The next step was to manufacture and validate prototypes of the optimized prism. Accordingly, CATS prototypes were inserted into standard Goldmann tonometer armatures and used to measure IOP in cadaver eyes (2). The method, in brief, used a specially designed chamber (Figure 2) to stabilize enucleated globes while IOP measurements were taken by GAT, CATS and manometry. The object was to achieve a prism design that gives the same pressure reading in a ‘nominal’ cornea as GAT. This bench testing period was also intended to demonstrate accuracy and repeatability of IOP measurements: specifically, to test IOP measurement bias and variability by comparing CATS and GAT prism measurements relative to true IOP values as given by manometric pressure transducers. We were delighted to find that, as predicted by our model, the optimized CATS prism was substantially equivalent to GAT in eyes with nominal corneal parameters (2).
The final step was to investigate CATS performance in patients with varying corneal parameters. Initial clinical studies aimed to identify any biases. Each time we found a bias, we optimized the prism design and went back to patients with the new models; we went through three such iterations. Next, we assessed the ability of the optimized CATS system to correct for identified sources of IOP measurement error. Comparing tonometer-measured IOPs with readings from intracameral transducers is difficult in patients, so for our first study (3), we opted to compare GAT and CATS readings, and to correlate corneal variability with any differences identified in the GAT versus CATS comparison. Specifically, we looked at the following corneal parameters: CCT, corneal resistance factor measured by the ocular response analyzer, and corneal curvature. (We did not assess corneal tear film, as this parameter is better suited to measurement under the static conditions of cadaver eyes). After analyzing data from 109 eyes, the findings were clear (3): IOP measurement differences between CATS and GAT were evident, and correlated with known error parameters (corneal thickness, stiffness and curvature). The effect was very obvious: for CCT, for example, whereas IOP measurement inaccuracies of >±2 mmHg were found in 46 percent of all patients when using GAT, IOP measurement errors of >±2 mmHg were found in only 3 percent of patients when using the CATS prism (3). Overall, as predicted by our model, CATS is associated with ~50 percent reductions in errors related to CCT, corneal rigidity and curvature variations.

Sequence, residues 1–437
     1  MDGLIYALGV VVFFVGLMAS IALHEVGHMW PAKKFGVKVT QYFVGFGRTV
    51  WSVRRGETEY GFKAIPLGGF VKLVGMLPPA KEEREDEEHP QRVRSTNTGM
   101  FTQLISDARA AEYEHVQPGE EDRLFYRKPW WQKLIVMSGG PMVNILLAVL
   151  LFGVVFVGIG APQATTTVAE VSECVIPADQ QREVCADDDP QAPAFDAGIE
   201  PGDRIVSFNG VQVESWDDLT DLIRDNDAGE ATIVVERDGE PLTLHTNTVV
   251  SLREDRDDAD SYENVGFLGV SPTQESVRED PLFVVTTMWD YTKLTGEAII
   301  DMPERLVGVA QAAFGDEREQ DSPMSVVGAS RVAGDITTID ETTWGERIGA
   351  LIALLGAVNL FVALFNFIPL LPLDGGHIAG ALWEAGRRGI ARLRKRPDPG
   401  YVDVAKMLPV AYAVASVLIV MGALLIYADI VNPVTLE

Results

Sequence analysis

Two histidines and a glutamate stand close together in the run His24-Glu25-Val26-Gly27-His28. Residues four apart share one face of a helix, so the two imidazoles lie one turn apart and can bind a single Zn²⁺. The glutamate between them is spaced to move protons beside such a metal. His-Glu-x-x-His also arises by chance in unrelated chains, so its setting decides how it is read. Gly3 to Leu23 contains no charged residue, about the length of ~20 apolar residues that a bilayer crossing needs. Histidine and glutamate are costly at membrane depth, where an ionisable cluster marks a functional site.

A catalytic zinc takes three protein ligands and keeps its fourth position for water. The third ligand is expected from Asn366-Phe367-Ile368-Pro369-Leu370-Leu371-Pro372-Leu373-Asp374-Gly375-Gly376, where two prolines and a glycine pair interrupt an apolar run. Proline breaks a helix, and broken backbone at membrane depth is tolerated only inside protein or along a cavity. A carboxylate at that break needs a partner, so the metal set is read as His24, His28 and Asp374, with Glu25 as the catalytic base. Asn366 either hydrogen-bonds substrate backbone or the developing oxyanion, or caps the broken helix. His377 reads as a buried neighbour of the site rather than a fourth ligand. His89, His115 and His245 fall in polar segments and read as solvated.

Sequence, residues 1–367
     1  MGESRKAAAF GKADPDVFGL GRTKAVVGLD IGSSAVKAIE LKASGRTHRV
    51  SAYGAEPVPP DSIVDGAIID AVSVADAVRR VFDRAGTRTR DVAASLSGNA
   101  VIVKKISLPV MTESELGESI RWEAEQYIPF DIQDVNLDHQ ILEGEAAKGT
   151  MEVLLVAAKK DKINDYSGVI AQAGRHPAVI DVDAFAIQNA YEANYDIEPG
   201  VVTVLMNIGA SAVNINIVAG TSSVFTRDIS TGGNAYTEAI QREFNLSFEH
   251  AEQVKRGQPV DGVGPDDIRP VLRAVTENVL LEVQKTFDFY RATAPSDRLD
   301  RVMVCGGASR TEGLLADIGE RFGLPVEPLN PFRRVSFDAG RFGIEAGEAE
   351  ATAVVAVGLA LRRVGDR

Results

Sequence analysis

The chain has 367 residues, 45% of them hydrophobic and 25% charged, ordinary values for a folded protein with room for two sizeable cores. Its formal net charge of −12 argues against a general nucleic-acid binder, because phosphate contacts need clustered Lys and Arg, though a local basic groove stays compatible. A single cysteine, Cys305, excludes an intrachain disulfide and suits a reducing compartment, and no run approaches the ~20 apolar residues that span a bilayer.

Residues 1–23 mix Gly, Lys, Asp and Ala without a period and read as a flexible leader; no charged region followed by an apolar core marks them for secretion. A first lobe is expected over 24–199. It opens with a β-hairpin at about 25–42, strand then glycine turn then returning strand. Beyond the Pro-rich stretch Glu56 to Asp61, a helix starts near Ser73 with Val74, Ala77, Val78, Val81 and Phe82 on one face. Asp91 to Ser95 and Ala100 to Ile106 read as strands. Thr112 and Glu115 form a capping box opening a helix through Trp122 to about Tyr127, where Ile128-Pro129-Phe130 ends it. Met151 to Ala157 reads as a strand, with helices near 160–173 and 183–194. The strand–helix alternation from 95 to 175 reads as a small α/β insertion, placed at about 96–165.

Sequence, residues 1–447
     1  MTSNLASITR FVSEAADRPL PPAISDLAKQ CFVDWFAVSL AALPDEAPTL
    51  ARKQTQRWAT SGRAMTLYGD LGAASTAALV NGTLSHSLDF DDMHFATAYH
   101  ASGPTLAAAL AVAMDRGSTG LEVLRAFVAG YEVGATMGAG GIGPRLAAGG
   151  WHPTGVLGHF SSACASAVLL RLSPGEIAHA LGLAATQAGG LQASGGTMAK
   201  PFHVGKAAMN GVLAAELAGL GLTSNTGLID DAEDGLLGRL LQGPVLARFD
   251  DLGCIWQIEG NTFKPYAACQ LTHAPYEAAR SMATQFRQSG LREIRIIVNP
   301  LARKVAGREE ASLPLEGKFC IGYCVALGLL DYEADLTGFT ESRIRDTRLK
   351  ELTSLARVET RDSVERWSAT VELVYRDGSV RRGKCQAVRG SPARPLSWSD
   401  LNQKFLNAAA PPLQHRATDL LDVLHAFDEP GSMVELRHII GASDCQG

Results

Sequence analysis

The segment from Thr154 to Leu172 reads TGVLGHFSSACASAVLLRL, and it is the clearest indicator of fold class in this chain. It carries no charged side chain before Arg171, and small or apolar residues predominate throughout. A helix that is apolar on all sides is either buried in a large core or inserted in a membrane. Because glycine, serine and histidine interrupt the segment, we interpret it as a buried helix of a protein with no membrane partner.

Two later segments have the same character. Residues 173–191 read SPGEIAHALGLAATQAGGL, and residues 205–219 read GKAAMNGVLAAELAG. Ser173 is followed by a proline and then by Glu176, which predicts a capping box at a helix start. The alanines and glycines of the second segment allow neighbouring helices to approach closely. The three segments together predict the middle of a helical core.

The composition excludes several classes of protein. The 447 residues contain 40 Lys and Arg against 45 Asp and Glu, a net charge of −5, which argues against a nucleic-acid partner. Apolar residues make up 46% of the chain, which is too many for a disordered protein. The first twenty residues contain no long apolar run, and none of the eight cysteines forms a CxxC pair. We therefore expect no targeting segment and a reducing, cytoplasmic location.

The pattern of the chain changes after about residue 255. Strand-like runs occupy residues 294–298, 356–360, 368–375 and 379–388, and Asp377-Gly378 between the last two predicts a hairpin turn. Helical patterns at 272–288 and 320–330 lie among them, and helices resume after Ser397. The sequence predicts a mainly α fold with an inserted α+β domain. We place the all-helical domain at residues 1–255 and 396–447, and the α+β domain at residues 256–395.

One limitation of the study outlined above was its lack of a comparison between tonometric IOP readings and true intracameral pressure readings. We have now remedied this with a follow-up study (4) that shows similar findings to the initial study: in short, we assessed the correlation between GAT errors and corneal variations in cataract surgery patients, and performed additional cadaver eye studies. Prior to surgery, we measured CCT and CRF with an ocular response analyzer. During surgery, we modulated the pressure on the inside of the eyes sequentially to 10, 20 and 40 mmHg, using a bottle height-modulated intracameral transducer, and simultaneously measured the IOP from outside to assess the accuracy of the tonometers. Finally, we corroborated our findings in 21 fresh cadaver eyes, with IOPs modulated between 5 and 60 mmHg, again comparing tonometer-measured pressures with those reported by an intracameral pressure transducer inside the eye. Encouragingly, we found that CATS gave very repeatable measurements, both within and between practitioners. We also found that GAT significantly underestimated IOP (by 5.2±1.6 mmHg – Figure 3), and that this underestimation was greater for patients in the supine position (7.9±2.3 mmHg). These errors were highly correlated with patient CCT. Thus, the results from patients both corroborated in vitro data and validated our mathematical modeling.
CATS out of the bag
It is now clear that a CATS prism permits more accurate IOP measurement – and it does so without requiring any changes to the standard GAT technique. All practitioners to date have easily accommodated to the CATS prism: it really is just a case of taking the GAT prism off and putting the CATS prism on, and needs no additional examination time or specialized data interpretation.